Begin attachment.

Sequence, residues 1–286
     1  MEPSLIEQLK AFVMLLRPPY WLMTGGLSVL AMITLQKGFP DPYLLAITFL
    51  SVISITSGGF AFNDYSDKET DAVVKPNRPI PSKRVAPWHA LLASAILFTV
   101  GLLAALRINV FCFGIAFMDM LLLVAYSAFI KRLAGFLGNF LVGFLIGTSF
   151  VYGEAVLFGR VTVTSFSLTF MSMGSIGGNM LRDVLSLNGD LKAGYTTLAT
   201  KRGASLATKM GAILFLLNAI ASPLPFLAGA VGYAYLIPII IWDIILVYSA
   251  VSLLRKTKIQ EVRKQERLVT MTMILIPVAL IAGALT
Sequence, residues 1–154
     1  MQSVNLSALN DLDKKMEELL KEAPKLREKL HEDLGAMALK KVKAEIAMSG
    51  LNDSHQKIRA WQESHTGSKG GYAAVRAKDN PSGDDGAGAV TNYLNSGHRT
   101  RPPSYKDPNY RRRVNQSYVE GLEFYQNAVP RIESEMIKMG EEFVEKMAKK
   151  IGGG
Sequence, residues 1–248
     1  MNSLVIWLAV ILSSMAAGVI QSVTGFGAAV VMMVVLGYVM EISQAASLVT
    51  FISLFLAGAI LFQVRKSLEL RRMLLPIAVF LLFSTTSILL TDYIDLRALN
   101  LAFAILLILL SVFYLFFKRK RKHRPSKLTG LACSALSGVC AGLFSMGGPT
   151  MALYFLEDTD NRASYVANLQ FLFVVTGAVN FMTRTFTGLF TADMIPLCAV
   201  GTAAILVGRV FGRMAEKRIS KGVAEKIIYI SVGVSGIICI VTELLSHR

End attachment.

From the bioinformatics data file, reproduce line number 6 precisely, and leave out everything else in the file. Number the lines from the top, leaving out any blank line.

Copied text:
   201  KRGASLATKM GAILFLLNAI ASPLPFLAGA VGYAYLIPII IWDIILVYSA